1863–1937 It is sometimes stated that James' and other philosophers' use of the word pragmatism so dismayed Peirce that he renamed his own variant pragmaticism. Susan Haack has disagreed,1998, Manifesto of a Passionate Moderate, Chicago IL: University of Chicago Press, p. 55 pointing out the context in which Peirce publicly introduced the latter term in 1905. Haack's excerpt of Peirce begins below at the words "But at present...," and continues with some ellipses. The fuller excerpt below supports her case further:Then, in a surviving draft letter to Calderoni, dated by the CP editors as circa that same year 1905, Peirce said regarding his above-quoted discussion:Indeed in the Monist article Peirce had said that the coinage "pragmaticism" was intended "to serve the precise purpose of expressing the original definition". Of course this does not mean that Peirce regarded his fellow pragmatist philosophers as word-kidnappers. To the contrary he had said, regarding James's and Schiller's uses of the word "pragmatism": "So far, all went happily." So it would seem that Peirce intended the coinage "pragmaticism" for two distinguishable purposes: (1) protection from literary journals and word-kidnappers, and (2) reference strictly to his own form of pragmatism, as opposed even to other pragmatisms that had not moved him to the new name. In the letter to Calderoni, Peirce did not reject all significant affiliation with fellow pragmatists, and instead said "the rest of us". Nor did he reject all such affiliation in later discussions.However, in the following year 1906, in a manuscript "A Sketch of Logical Critics",Essential Peirce v. 2, pp. 451-62, see pp. 457-8. Peirce wrote:(Peirce proceeded to criticize J. S. Mill but acknowledged probable aid from Mill's Examination.)Then, in 1908, in his article "s:A Neglected Argument for the Reality of God|A Neglected Argument for the Reality of God]]", mentioning both James and the journalist, pragmatist, and literary author Giovanni Papini, Peirce wrote:In 1871, in a Metaphysical Club in Cambridge, Mass., I used to preach this principle as a sort of logical gospel, representing the unformulated method followed by Berkeley, and in conversation about it I called it "Pragmatism." In December 1877 and January 1878 I set forth the doctrine in the Popular Science Monthly, and the two partsPeirce refers to "s:The Fixation of Belief|The Fixation of Belief]]" and "s:How to Make Our Ideas Clear|How to Make Our Ideas Clear]]". of my essay were printed in French in the Revue Philosophique, volumes vi. and vii. Of course, the doctrine attracted no particular attention, for, as I had remarked in my opening sentence, very few people care for logic. But in 1897 Professor James remodelled the matter, and transmogrified it into a doctrine of philosophy, some parts of which I highly approved, while other and more prominent parts I regarded, and still regard, as opposed to sound logic. About the time Professor Papini discovered, to the delight of the Pragmatist school, that this doctrine was incapable of definition,See for example "What Pragmatism Is Like", a translation published in October 1907 in Popular Science Monthly v. 71, pp. 351–8. Google Books Eprint. The original Italian: "Introduzione al pragmatismo", Leonardo series 3, anno 5, n. 1, February 1907, pp. 26-37, Google Books Eprint. which would certainly seem to distinguish it from every other doctrine in whatever branch of science, I was coming to the conclusion that my poor little maxim should be called by another name; and accordingly, in April 1905, I renamed it Pragmaticism.Peirce proceeded in "A Neglected Argument" to express both deep satisfaction and deep dismay with his fellow pragmatists. He singled F. C. S. Schiller out by name and was vague about which among the others he most particularly referred to. Peirce wrote "It seems to me a pity they should allow a philosophy so instinct with life to become infected with seeds of death...."{|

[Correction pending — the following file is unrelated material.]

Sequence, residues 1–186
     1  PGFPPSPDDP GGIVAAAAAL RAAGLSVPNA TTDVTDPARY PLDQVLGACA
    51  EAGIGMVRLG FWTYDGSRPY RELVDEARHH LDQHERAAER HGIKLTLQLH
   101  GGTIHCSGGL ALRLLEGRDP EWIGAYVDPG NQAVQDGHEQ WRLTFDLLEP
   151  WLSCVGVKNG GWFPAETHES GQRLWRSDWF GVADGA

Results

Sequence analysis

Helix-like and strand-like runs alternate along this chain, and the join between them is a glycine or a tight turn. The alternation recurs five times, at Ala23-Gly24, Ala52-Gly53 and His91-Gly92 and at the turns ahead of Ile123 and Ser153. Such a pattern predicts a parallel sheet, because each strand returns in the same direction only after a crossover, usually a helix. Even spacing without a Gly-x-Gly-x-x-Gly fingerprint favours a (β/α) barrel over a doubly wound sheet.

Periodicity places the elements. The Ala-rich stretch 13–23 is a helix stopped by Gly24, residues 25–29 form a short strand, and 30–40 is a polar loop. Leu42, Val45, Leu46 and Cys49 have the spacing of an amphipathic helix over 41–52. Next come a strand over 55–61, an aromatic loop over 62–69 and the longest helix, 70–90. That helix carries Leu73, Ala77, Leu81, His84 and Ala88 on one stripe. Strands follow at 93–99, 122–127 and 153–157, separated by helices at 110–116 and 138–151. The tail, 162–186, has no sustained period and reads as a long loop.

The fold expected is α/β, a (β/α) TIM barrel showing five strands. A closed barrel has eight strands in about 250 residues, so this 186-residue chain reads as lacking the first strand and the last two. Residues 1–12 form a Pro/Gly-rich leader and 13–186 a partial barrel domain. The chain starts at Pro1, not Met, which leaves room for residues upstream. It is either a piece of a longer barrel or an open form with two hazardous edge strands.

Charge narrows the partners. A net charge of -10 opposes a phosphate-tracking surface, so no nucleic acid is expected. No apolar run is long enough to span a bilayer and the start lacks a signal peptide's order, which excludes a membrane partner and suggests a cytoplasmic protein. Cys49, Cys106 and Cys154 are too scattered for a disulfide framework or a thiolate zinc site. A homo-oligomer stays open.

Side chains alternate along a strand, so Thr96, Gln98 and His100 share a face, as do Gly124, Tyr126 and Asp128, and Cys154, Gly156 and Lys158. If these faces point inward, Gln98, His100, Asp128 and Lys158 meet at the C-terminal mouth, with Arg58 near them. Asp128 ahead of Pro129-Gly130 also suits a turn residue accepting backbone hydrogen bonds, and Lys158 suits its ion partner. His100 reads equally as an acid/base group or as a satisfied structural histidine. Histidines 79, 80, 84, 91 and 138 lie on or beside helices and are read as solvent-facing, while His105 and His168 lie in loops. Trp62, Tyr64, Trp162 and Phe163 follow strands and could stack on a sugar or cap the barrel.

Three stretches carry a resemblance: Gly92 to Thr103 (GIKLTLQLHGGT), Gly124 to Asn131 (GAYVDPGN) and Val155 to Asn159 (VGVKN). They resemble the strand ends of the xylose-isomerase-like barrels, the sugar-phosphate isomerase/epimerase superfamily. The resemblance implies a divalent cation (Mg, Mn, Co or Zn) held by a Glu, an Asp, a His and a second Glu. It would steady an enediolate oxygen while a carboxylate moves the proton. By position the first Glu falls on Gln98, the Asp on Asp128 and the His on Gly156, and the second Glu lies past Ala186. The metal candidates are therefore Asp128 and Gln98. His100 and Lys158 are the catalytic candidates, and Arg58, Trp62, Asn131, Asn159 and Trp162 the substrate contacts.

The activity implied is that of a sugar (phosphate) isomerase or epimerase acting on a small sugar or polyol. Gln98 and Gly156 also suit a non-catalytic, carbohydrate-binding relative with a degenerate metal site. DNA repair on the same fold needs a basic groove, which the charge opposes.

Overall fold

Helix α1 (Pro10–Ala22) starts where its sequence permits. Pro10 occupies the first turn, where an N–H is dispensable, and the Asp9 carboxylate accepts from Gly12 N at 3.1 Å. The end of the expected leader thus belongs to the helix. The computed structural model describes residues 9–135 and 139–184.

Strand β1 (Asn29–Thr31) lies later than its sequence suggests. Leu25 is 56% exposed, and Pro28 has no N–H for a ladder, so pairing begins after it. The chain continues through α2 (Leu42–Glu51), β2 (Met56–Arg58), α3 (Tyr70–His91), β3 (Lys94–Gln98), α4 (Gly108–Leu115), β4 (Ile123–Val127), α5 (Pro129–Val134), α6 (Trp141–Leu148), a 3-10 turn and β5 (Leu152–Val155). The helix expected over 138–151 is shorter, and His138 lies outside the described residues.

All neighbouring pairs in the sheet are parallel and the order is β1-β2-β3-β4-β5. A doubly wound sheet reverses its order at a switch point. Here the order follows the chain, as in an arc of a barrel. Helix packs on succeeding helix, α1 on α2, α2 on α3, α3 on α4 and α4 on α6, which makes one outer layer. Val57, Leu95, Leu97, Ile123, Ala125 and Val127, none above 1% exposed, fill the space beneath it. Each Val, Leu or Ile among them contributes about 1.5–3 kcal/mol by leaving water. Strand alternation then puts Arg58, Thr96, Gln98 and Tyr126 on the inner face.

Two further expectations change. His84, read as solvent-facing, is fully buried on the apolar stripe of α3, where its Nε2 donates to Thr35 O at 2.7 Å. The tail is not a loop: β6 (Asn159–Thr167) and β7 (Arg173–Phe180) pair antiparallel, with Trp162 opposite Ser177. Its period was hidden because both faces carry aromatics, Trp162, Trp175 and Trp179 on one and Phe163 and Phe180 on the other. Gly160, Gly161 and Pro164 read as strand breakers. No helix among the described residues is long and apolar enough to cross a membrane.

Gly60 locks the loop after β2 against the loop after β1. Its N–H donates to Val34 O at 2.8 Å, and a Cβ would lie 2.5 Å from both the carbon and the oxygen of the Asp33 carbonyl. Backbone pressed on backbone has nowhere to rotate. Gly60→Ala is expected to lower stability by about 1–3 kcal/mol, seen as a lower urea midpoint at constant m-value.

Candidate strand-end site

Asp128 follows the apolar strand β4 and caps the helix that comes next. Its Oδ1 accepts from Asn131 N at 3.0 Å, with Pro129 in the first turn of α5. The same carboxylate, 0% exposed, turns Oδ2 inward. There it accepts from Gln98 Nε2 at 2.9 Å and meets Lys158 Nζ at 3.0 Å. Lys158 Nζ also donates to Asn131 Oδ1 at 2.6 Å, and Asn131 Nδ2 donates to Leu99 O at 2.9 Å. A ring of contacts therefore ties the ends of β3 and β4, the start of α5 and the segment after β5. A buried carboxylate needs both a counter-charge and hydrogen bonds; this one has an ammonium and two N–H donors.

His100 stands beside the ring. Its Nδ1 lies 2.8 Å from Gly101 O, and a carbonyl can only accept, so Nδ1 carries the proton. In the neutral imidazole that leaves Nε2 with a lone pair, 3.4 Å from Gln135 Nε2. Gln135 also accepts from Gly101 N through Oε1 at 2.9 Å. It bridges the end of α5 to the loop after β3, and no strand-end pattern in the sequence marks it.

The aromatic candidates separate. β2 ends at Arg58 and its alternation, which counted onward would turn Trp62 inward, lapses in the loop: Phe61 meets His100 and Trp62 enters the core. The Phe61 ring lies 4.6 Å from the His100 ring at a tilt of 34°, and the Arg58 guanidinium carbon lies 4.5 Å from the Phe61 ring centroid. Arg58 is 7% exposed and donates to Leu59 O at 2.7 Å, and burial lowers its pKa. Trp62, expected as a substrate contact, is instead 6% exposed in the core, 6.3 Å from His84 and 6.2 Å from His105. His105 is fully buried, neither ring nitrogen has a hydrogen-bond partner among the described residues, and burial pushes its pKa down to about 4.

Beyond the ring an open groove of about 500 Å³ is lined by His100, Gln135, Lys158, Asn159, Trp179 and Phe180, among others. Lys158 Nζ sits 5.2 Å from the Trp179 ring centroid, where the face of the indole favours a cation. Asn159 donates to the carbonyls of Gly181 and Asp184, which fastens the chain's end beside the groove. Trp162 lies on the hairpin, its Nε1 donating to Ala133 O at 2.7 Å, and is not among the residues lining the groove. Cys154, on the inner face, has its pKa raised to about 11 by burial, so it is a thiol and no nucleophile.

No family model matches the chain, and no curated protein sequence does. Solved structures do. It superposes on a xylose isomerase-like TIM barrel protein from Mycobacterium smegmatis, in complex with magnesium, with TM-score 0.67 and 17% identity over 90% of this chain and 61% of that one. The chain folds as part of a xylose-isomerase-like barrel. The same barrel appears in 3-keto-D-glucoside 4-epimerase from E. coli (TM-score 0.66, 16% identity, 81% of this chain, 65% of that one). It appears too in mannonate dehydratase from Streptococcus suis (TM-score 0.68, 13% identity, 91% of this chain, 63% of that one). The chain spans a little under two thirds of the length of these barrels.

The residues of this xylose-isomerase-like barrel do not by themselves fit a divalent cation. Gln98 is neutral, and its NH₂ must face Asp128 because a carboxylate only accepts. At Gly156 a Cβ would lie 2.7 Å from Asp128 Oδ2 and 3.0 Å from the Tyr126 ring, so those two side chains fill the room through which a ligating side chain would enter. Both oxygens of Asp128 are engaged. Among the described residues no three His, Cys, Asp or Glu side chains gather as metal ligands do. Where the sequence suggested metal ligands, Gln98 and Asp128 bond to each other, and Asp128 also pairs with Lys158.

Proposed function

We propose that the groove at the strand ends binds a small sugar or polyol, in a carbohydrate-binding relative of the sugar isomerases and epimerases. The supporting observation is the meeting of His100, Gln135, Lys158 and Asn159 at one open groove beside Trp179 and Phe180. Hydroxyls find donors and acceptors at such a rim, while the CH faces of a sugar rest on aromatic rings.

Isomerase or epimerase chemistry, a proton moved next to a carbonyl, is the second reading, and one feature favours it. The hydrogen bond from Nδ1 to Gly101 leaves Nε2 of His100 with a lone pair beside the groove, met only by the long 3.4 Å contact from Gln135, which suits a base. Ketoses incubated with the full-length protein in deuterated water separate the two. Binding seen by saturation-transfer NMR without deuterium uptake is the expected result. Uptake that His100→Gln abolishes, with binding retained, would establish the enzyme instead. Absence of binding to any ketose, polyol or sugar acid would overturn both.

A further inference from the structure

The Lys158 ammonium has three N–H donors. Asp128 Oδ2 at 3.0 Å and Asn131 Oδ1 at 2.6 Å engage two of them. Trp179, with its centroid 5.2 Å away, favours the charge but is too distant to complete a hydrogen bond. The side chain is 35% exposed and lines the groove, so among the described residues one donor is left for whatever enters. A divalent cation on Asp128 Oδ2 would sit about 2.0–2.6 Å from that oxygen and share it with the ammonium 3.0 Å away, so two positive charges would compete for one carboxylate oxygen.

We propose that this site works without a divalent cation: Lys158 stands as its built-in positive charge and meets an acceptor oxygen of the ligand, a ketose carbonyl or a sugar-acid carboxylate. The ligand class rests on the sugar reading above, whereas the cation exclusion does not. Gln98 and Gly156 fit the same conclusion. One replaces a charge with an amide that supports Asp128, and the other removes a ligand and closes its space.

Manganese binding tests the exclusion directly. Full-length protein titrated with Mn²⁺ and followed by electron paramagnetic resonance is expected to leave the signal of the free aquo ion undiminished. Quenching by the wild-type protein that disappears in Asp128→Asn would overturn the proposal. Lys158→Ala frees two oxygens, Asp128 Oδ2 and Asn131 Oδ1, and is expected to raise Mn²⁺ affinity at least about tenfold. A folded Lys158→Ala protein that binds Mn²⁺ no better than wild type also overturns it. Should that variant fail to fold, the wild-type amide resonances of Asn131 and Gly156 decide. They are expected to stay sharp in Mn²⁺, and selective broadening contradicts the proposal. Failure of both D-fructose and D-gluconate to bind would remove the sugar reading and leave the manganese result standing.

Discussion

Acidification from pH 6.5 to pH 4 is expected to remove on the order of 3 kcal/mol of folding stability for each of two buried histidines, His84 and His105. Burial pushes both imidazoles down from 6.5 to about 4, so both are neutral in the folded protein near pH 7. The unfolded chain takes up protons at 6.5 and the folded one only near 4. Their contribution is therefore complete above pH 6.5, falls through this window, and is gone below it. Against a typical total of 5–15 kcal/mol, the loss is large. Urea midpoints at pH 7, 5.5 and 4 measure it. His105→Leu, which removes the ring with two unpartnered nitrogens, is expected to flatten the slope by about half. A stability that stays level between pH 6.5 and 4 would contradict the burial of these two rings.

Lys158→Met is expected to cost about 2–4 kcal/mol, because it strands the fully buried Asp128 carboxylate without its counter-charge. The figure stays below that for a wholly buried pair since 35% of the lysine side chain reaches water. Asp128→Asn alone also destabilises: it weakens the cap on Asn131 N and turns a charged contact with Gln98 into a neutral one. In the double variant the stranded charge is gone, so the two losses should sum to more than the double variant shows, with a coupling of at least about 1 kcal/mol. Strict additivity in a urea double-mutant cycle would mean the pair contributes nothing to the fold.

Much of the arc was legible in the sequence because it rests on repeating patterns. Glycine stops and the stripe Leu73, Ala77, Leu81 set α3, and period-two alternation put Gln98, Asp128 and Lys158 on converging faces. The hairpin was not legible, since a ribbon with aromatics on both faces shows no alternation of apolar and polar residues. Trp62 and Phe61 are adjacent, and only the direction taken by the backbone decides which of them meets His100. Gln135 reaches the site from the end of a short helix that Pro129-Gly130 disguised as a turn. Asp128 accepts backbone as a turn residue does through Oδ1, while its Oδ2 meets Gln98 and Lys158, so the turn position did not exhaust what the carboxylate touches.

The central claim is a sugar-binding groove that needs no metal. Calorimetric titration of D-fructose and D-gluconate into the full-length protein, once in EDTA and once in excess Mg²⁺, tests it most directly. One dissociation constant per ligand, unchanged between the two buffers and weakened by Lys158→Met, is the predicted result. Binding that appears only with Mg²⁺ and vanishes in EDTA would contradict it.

Peirce remained allied with them about:
  • the reality of generals and habits, to be understood, as are hypostatic abstractions, in terms of potential concrete effects even if unactualized;
  • the falsity of necessitarianism;
  • the character of consciousness as only "visceral or other external sensation".
but was dismayed with their "angry hatred of strict logic" and saw seeds of philosophical death in:
  • their view that "truth is mutable";
  • their view that infinity is unreal; and
  • "such confusions of thought as of active willing (willing to control thought, to doubt, and to weigh reasons) with willing not to exert the will (willing to believe)".